Rachel Otwell

Rachel's reports focus on the arts, community & diverse culture. 

She's a graduate of the Public Affairs Reporting Program at the University of Illinois Springfield, and while obtaining that degree she spent a legislative session covering news for Illinois Public Radio with a focus on fracking. Rachel also holds degrees in Liberal & Integrative Studies, Women & Gender Studies and African-American Studies. She's tutored Rwandan refugees in Ohio, volunteered at a Kenyan orphanage,  served as an activities assistant at a nursing home and volunteered at an elephant sanctuary in Thailand. 

Rachel started a career in public media in 2011 when she interned for the National Public Radio program Tell Me More with Michel Martin in Washington, D.C. Her reports have also appeared on NPR's Weekend Edition, NPR's All Things Considered, NPR's Morning Edition, WorkingNow.org, and 51%.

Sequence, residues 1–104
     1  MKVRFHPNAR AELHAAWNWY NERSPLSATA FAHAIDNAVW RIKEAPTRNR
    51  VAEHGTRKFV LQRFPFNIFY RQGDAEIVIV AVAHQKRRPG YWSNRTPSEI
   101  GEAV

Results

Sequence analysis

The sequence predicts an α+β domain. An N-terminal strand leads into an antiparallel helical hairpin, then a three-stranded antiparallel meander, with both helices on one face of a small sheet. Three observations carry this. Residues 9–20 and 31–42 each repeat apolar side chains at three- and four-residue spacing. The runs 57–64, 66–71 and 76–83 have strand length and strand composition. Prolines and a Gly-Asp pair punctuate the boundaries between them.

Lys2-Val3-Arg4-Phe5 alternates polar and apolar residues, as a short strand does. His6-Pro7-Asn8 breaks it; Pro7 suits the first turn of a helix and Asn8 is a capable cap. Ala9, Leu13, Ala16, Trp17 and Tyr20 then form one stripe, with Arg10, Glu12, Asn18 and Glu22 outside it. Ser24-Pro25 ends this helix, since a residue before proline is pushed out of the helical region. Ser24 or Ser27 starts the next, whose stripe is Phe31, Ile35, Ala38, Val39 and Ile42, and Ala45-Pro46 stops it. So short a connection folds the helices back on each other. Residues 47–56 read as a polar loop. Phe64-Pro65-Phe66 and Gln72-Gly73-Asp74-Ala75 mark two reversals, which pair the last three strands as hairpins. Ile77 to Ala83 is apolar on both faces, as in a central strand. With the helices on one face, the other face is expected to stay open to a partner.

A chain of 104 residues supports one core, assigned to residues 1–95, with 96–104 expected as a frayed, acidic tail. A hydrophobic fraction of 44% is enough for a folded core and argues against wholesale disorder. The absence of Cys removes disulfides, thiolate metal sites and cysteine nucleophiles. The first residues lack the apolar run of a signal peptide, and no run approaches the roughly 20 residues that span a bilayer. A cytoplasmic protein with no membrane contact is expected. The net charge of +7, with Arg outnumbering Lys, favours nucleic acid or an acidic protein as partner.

A University of Illinois law professor previously accused of sexual misconduct and slated to return to teach in January will instead go on "university-sanctioned leave."

A University of Illinois at Urbana-Champaign committee released on Tuesday its recommended changes to how the university handles claims of sexual misconduct against faculty.

A University of Illinois at Urbana-Champaign graduate student and lecturer has filed a lawsuit against the University of Illinois Board of Trustees, alleging the university withheld public documents regarding faculty sexual misconduct that should have been released through public records requests.

Former University of Illinois at Urbana-Champaign professor Gary Gang Xu assaulted and threatened students while university officials downplayed complaints, a lawsuit says. He ultimately resigned, taking $10,000 as part of his separation agreement.

This article was produced in partnership with NPR Illinois, which is a member of the ProPublica Local Reporting Network.